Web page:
This column tries to resist conspiracy theory. All the same I couldn't help wondering why the 'Constitutional Declaration' that Tony Blair and a very happy Paddy Ashdown signed last week had been timed to coincide with Gordon Brown's big public spending statement, which put it in the shade.

Government officials denied a plot, but couldn't help saying how decent it was of Tony to be so nice to Paddy on constitutional reform when his party was still spouting its 'economically illiterate' attacks on the prime minister's key policies.

In such ungracious circumstances it seems a good opportunity to be nice to the Lib Dems, who devoted an earlier chunk of the week to making the kind of lateral policy link New Labour prides itself on: the fact that money invested in home insulation for poor people and elderly people would be money saved to the NHS in preventive healthcare terms.

It is certainly true that what the chancellor announced has enormous implications for the way public expenditure is managed in this country and, potentially, for the NHS and its patients. He wants to be financially prudent. Indeed, he mentioned Prudence so often that my colleague, Simon Hoggart, wondered if she was his girlfriend.

But he also wants to deliver Labour's promise of better public services, education, health and (newly promoted?) transport, both in terms of cash to run these services and - vital to the NHS - the capital sums needed to restore and replace neglected hospitals and equipment. As even the Financial Times noted, it has always been ridiculous that post-war Treasury rules meant that 'investment is the first casualty in any squeeze on spending'.

That may help explain, incidentally, why the public infrastructure across the Channel - those trains, roads and Stades de France on TV display during the World Cup - looks so much better than ours: it has long been a public/private failure in Britain (hence the Channel Tunnel shambles), and Gordon Brown is determined to put it right. Frank Dobson can only be a beneficiary, provided he keeps up the downward pressure on costs and inefficiency, as measured by health outputs.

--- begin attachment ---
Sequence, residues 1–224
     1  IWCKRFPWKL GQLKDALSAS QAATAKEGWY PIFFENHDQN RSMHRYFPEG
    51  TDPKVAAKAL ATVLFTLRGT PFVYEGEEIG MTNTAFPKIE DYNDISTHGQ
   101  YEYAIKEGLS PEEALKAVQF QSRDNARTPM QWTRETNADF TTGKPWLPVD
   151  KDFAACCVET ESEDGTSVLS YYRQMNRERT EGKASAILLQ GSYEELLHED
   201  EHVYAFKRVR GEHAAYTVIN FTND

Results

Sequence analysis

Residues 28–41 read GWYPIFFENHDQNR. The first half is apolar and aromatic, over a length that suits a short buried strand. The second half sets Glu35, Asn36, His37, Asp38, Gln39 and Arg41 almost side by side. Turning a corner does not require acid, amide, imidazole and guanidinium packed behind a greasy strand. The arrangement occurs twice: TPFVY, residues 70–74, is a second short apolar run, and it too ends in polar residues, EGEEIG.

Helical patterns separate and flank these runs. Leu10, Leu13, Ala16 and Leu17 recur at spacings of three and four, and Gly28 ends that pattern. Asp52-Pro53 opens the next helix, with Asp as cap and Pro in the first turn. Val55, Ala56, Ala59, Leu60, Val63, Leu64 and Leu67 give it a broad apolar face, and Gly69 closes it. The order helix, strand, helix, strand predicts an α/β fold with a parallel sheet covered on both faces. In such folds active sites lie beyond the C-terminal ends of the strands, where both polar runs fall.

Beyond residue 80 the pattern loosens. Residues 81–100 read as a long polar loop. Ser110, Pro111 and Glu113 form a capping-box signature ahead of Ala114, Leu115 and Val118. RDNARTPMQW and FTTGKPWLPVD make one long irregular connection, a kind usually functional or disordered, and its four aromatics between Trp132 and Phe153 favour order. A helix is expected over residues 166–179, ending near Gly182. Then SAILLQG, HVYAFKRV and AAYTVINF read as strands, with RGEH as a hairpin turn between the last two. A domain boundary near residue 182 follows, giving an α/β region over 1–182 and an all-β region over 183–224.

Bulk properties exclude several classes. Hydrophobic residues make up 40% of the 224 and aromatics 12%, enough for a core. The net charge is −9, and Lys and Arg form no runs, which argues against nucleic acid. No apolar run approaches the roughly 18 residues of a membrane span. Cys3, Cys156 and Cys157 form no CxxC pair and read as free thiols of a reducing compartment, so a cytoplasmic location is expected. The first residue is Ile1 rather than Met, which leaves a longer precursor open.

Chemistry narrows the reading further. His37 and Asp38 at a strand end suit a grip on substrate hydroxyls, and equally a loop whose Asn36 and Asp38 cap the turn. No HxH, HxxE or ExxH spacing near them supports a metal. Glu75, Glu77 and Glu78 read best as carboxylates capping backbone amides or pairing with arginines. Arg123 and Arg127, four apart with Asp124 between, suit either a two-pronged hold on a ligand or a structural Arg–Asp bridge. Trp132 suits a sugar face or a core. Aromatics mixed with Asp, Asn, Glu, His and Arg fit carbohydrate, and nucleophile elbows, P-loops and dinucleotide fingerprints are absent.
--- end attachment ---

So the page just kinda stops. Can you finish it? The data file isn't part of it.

But the confusion of media headlines (did the spending pledges matter more than the sale of public assets?) may continue to unsettle markets and force up interest rates. That will not help the NHS or the mortgage payments of Rodney Bickerstaffe's Unison members. Remember, it all depends on continued economic growth, which we may not get, whether or not that Asian crisis infects us too.

And if Iron Gordon's plans go as he says, they will double net public investment, but only to 1.5 per cent of gross domestic product. They will raise public spending by 2.5 per cent (which would average out at less than the Tory average on election day - 1.5 compared to 1.8 per cent - the Lib Dems unkindly pointed out). And, asked Ken Livingstone, will he keep his nerve to that level if we get a recession?

Back in real life, it sounded more like business as usual when the Lib Dems launched a Commons debate to demand a 15-year programme to insulate 1.5 million homes. Peter Brand, MP for the Isle of Wight, made the call, backed by assorted Lib Dem and Labour MPs.

For me, the best statistic came from Truro's Matthew Taylor. Between 30,000 and 60,000 premature deaths occur each year (ministers admit the lower figure) because of the cold, and extra hospital admissions cost Mr Dobson pounds1bn a year. Deaths rise by 14 per cent in Sweden each winter, 10 per cent in almost-as-cold Norway, but 14 per cent in mild-but-damp Britain, he revealed. Angela Eagle, the junior environment minister, rather than Tessa Jowell, answered the Lib Dems. Yes, ministers know all about fuel poverty, she said. But energy-efficient homes may not be the answer for the really poor: what they need is money to pay for fuel. Labour is on the case, struggling to make up for Tory 'years of under-investment'. Over to Iron Gordon. Yet again.